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Email and Content Management

Seth Gottlieb wrote a good post on Email and Content Management

I never miss the opportunity to evangelize the use of our KM-tools instead of e-mail (and sometimes even verbal contact). Some effective techniques I used at work:

* Refuse to do any task colleagues sent me by email, insisting that they issue a ticket in our task-tracker instead.

* Never reply with informative emails. Rather write a wiki-page on the subject and send the link to the correspondents.

* Each time a colleague seeks to explain how something works, or teach me something, I insist that they write a wiki-page instead, and send me the link.

We shouldn't abandon email. It's a quick and responsive tool that creates alot of dialog and content productivity. KM-people know that face-to-face meetings is the best way to convey knowledge. Phone, instant messaging and even email are closer to face-to-face than a CMS.

Any company should have set conventions of how different collaboration tools are used. Here are some example keywords:

* Email: Drafting and suggestions
* Forum: Discussions
* IM/Chat/voice: Quick notifications, brainstorming
* Blogs: External presentation for promotion
* CMS: Formal promotion, customer/user documentation

One could also divide the strategy into extra (public, open) and intra (internal company biz), and perhaps even a strategy for how communication with customers are done. We use a different kind of ticket-tracker for our customer-support (OTRS) than we use for internal business tickets (Trac).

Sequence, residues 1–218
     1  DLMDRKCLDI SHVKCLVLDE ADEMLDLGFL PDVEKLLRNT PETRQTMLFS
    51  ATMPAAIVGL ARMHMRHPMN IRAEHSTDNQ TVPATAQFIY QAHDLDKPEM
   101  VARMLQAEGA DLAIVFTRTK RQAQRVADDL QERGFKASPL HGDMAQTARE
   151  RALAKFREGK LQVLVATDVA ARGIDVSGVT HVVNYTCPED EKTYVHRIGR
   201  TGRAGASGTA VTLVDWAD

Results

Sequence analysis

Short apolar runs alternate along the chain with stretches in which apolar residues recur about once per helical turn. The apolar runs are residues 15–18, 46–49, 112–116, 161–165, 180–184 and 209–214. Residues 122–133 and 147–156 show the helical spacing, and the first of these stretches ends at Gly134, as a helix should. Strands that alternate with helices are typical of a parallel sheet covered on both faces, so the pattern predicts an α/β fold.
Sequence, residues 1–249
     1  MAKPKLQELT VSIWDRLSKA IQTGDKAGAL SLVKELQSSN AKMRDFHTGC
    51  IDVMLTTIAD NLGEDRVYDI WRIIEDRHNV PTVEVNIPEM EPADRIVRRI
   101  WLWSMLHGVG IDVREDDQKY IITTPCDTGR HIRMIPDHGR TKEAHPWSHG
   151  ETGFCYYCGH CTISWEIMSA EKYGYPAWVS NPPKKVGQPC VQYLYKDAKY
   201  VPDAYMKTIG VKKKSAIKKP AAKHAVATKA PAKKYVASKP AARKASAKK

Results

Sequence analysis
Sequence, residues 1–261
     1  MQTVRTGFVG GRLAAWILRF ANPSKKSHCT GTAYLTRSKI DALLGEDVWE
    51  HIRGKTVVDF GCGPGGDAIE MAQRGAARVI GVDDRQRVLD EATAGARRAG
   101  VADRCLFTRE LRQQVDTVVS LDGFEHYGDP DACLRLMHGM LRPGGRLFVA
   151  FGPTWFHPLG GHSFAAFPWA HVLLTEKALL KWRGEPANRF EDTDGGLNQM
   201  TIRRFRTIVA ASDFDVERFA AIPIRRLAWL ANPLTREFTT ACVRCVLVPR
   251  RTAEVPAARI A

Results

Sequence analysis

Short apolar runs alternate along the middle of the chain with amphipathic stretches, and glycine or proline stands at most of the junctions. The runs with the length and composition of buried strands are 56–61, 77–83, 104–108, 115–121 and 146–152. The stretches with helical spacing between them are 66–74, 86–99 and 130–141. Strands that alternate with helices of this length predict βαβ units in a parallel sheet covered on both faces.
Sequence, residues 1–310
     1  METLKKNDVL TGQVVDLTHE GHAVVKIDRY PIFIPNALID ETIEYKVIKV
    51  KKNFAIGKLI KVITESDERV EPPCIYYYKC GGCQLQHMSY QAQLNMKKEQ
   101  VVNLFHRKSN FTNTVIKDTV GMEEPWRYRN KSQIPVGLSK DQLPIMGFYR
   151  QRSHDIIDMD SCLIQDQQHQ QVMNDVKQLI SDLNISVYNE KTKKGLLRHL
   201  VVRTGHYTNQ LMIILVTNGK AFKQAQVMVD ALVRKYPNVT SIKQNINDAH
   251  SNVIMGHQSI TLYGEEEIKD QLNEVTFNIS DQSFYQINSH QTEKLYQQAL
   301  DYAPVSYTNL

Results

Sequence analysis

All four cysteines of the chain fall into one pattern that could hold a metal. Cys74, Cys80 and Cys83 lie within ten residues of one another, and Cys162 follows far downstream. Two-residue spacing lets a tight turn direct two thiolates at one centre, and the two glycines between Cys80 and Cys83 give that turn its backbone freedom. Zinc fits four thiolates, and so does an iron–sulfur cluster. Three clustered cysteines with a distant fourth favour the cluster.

1. Anonymous24/5/06 20:57

    As a KM practioner, I can tell you that the approach you describe above will not work in many organizations. Unless you have the support of the executive level -- refusing to respond to coworker's requests sent via email will just alienate you from them. The last thing a KM practioner wants to do is to alienate the very people we are supposed to be helping!

    Again, while I love that you post informative writings on a wiki -- trying to force a colleague to do the same in many environments will cause political problems galore. It will become a power issue and will distract from the primary purpose of KM -- to open the lines of communication and share knowledge.

    If you have executive support who can issue such a mandate -- that is an entirely different scenario.
    Similarilay, you could require your reports to submit tickets, write wiki pages, etc. However, it appears that you were indicating your equals. Since your profile indicates that you are in grad school -- I want to warn you that outside of grad school you will run into some powerful resistance and will need to choose your battles wisely.
    Strategies and approaches are one thing -- it is another to mandate practices if you do not have the power to do so.

    Without that kind of power, the best you can do is evangelize, teach, and model good information management practices.

  2. Hi Kelly, thanks for the comment. You are indeed very correct here. In my particular scenario I have the luxury of working in a very small company (4 people) where it's possible to push through conventions such as these.

    I have just finished grad school, and after the summer I will actually be moving into a much larger company where my organizational power will be considerably weakened compared to that I have now. I'll keep your advice in mind, of course.

    One other thought: Even if one had the support of the executives, trying to force people into doing KM well would probably not be a good idea. The best incentive I can think of is to have people realize that they are not only helping others, but also helping themselves when they contribute to the wiki, as well as proving their value to the organization.

    And I guess that leads back to the ye old KM-paradox: Why should I share my unique knowledge when it only serves to lessen my value as an employee?

    Wiki-contributions are more anonymous than e-mails, and people might not get the credit they deserve for contributing. I'd like to underline the functional need of a wiki to credit its authors properly, if it is ever to replace the mailing list.

    Oh, and a final side-note: Students are the _worst_ crowd to lead into doing any kind of KM-effort! There are no incentives and no interest. The only knowledge-transfer which is rewarded is the one between the student, the curriculum and the exam :)


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